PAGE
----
What Are Burn Pits? And How Did They Affect Our Military Service Members?

During the post 9-11 era thousands of American service men and women served in Iraq and Afghanistan. Many of the U.S. military bases in these countries were huge, sprawling complexes with restaurants, movie theaters, swimming pools, and much more.  What these huge bases had in common was that they generated a lot of garbage including tires, batteries, and medical waste that had to be disposed of in some way. The solution from the military command and civilian contractors was to dump all of this waste into vast open air pits—some as large as 20 acres, douse it with jet fuel, and light it on fire.

These fires created clouds of smoke and foul odors that continually hung over the tents, trailers, and buildings where our soldiers worked, ate, and slept. These appalling conditions were made worse by desert heat.  

Thousands of troops came home with respiratory illnesses caused by the burn pits.  For most the impact on their health was moderate, but many complained about coughing up “black gunk”. Others suffered from serve lung diseases and cancers. Former Vice President Joe Biden has speculated that his son, Beau’s untimely death due to brain cancer was caused by burn pit exposure during his deployment in Iraq.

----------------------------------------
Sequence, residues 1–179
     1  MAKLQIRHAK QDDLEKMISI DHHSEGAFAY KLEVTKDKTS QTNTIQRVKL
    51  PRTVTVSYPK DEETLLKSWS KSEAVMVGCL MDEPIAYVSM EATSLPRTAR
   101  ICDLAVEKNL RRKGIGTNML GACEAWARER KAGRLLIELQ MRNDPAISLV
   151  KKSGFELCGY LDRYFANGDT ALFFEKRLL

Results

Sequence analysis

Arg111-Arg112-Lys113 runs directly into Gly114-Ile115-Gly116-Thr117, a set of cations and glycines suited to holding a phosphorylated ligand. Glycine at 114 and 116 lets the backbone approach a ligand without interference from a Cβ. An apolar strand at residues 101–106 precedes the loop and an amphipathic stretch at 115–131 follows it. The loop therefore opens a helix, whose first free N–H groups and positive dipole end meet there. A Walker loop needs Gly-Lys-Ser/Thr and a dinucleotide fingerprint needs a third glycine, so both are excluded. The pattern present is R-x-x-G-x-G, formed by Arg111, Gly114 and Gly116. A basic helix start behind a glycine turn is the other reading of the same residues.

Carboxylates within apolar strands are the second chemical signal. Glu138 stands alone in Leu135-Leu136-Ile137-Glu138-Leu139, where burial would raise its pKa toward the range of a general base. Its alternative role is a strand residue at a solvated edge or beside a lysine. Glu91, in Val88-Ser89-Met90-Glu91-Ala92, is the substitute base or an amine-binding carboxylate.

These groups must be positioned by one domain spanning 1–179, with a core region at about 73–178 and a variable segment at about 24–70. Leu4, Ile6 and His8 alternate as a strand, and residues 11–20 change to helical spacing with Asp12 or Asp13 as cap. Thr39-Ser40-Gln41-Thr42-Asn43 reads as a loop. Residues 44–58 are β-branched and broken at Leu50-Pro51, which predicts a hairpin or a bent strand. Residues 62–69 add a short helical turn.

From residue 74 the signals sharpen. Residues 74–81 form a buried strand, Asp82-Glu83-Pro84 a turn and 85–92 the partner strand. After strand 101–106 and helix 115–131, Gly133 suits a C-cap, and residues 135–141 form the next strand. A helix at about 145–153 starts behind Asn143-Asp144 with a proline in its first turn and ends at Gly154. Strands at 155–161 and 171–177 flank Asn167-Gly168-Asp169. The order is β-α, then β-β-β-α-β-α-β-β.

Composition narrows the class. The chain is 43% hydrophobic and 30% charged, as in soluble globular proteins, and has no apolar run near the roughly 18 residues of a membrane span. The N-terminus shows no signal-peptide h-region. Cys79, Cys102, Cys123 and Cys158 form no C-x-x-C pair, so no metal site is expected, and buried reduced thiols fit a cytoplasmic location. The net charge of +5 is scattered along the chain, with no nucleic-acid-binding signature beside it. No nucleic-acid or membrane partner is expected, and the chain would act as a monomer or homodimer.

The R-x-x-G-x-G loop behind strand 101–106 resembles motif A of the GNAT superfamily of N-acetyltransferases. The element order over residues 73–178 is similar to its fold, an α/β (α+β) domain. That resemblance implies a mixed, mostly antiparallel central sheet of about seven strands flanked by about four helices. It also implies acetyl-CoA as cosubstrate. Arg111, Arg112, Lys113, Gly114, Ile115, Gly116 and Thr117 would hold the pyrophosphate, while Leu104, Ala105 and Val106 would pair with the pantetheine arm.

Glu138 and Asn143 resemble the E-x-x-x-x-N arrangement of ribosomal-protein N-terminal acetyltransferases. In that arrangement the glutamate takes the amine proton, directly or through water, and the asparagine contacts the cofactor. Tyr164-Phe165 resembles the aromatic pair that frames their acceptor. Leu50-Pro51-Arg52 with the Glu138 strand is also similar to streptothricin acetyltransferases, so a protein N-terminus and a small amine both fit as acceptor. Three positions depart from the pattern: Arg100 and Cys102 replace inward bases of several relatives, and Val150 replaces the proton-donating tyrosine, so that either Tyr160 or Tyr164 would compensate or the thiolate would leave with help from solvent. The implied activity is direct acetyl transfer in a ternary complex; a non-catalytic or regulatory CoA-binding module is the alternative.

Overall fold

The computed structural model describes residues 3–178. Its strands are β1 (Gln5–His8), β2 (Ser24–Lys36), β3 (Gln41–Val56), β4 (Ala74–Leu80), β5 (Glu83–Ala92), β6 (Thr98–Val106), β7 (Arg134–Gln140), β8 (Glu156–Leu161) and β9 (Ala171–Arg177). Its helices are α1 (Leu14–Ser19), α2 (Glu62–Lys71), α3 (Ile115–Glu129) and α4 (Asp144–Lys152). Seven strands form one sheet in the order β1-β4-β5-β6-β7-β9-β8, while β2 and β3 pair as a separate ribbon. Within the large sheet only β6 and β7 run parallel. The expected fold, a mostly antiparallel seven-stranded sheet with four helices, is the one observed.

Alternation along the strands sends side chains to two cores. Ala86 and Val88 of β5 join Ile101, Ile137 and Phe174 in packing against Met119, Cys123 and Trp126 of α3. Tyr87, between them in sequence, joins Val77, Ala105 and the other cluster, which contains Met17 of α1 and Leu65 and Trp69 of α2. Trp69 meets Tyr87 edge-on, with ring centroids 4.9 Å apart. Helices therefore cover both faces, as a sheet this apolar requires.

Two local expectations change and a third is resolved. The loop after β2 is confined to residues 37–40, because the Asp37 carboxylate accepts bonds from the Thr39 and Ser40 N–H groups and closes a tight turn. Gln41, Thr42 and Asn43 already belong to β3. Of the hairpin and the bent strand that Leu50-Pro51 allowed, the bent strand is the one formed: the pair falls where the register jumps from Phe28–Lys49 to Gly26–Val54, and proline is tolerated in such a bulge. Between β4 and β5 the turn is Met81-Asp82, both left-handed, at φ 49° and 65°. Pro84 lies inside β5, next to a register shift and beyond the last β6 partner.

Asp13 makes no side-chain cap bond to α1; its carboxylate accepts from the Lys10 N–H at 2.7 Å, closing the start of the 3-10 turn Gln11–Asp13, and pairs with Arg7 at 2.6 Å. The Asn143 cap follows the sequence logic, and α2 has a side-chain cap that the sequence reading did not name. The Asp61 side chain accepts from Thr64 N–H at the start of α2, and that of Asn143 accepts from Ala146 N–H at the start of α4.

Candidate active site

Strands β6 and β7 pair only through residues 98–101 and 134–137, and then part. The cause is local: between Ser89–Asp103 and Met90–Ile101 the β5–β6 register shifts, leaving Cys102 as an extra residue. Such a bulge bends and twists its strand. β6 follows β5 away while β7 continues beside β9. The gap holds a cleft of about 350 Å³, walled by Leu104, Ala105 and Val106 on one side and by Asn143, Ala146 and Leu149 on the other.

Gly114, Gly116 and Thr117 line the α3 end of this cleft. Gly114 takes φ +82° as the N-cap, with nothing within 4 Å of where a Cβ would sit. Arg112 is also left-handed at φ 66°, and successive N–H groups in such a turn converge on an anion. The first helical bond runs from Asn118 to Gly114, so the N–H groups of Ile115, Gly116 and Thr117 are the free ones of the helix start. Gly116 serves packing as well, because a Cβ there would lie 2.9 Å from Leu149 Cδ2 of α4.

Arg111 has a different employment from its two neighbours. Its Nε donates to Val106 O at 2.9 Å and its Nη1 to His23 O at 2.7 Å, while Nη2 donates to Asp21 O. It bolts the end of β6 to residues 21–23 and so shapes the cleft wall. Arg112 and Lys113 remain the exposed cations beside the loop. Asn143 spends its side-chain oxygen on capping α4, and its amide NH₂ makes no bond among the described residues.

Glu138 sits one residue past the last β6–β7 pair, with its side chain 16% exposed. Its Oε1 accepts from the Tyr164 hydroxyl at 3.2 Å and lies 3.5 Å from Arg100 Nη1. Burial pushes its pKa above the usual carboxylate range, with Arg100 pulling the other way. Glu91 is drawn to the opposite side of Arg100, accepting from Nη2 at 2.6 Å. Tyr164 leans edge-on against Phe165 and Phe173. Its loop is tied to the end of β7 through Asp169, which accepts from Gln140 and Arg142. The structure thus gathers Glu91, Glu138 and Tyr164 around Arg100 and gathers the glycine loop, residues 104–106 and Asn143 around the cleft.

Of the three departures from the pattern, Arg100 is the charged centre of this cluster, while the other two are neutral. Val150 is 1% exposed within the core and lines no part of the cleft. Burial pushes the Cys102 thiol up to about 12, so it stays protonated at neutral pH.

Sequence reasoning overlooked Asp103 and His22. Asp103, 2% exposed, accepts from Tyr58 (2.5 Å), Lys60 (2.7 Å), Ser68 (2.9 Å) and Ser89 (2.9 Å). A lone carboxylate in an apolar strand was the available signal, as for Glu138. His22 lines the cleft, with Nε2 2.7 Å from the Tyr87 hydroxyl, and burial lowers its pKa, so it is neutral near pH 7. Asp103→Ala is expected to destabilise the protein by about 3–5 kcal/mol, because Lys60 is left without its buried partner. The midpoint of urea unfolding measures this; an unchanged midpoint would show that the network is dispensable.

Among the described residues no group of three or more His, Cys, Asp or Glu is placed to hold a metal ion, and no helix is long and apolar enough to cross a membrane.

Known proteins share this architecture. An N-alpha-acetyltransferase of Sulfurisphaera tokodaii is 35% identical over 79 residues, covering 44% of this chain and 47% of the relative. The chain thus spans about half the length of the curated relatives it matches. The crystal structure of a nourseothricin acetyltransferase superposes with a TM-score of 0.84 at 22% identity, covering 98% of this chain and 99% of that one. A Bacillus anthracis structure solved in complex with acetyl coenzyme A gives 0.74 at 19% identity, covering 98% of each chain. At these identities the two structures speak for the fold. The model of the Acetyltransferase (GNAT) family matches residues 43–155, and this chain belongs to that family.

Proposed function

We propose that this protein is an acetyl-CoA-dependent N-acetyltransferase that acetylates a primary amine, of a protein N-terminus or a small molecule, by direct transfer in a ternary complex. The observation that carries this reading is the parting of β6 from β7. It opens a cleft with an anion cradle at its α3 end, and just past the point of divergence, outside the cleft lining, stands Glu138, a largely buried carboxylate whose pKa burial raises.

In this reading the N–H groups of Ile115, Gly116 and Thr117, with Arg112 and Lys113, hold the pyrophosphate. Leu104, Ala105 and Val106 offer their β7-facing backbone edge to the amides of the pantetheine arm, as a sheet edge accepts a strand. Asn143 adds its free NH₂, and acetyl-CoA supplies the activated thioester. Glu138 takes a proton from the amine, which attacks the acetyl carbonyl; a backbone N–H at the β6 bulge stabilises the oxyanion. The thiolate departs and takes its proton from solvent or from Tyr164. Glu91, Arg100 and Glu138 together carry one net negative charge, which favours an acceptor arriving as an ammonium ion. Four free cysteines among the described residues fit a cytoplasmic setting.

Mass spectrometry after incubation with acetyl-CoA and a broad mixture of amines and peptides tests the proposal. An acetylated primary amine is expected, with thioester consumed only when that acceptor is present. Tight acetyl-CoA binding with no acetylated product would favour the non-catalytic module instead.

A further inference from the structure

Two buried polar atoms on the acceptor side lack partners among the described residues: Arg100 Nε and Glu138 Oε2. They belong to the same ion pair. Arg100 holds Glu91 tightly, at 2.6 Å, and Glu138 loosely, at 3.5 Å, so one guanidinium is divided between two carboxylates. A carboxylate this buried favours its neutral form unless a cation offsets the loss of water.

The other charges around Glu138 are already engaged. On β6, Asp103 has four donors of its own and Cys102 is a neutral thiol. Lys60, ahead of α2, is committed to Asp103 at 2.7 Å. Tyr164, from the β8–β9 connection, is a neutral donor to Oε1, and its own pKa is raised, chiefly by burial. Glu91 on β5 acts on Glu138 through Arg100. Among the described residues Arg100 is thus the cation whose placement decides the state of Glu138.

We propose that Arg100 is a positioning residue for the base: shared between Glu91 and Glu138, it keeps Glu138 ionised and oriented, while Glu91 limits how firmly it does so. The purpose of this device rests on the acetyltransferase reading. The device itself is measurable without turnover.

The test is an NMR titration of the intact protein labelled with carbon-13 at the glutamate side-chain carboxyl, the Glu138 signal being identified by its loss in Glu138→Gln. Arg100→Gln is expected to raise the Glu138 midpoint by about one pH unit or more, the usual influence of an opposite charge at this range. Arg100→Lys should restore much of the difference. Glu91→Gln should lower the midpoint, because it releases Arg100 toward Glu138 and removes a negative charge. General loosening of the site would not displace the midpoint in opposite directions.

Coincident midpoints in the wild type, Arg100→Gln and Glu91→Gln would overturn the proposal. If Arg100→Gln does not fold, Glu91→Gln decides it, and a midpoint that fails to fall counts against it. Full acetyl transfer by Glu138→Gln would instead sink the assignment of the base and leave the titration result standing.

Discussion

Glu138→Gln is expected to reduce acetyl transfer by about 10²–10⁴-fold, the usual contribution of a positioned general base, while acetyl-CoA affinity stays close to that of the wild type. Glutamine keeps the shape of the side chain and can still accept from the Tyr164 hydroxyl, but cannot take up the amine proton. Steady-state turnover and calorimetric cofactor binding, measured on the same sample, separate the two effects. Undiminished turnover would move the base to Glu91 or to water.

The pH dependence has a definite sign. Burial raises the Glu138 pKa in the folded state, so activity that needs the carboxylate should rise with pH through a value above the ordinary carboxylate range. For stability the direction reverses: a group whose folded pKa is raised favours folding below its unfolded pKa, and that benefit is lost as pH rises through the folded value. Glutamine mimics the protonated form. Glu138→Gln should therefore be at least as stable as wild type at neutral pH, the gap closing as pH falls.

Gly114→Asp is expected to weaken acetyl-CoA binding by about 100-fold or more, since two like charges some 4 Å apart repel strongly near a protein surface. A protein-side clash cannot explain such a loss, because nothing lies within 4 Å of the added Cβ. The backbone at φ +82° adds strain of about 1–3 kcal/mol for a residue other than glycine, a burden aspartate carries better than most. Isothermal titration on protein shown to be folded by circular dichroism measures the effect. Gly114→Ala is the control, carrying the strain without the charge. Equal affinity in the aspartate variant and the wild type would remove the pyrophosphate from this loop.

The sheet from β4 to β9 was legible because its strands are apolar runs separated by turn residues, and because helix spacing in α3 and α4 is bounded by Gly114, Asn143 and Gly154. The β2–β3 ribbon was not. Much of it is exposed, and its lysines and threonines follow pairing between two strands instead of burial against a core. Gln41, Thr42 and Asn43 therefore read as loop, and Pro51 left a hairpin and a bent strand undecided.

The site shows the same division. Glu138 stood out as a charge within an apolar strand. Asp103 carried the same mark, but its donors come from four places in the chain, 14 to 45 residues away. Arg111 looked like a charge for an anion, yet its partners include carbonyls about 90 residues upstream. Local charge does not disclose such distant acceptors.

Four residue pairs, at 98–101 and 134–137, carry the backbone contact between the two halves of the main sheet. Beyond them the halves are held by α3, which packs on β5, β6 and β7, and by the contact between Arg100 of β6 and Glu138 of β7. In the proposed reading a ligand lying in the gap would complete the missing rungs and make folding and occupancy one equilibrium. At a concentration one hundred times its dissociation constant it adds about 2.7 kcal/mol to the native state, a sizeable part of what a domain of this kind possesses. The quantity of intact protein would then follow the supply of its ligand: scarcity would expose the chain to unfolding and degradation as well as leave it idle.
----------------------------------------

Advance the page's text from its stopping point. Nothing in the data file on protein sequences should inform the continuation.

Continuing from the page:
In 2010 the Department of Defense banned the use of burn pits.  And in 2013 Congress directed the VA to establish a registry for veterans who were exposed to burn pits.  To date more than 142 thousand veterans have signed up.

In 2017 a Maryland judge dismissed more than 60 burn pit lawsuits. He ruled that the military’s decision to use burn pits was driven by the necessities of war. A group of veterans and their families are appealing that decision and asking the courts to reinstate their lawsuits.

If, during your military service, you were exposed to burn pits and you have health problems, set up an appointment with your VA doctor and let them know you were exposed to burn pits in the military. They will help you and get you enrolled in the Burn Pit Registry. You can also enroll in the registry even if you don't have any health problems.

Because the VA has yet to acknowledge a definitive link between burn pits and any medical condition—despite the evidence, VA disability benefits can be difficult to win. But don’t give up hope. These cases can be won. We can assist and advise you. Call us at Cuddigan Law. We’ll schedule a free appointment to discuss your eligibility for compensation.

 

 

 

Sean D. Cuddigan
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SSA and VA Disability Attorney in Omaha, Nebraska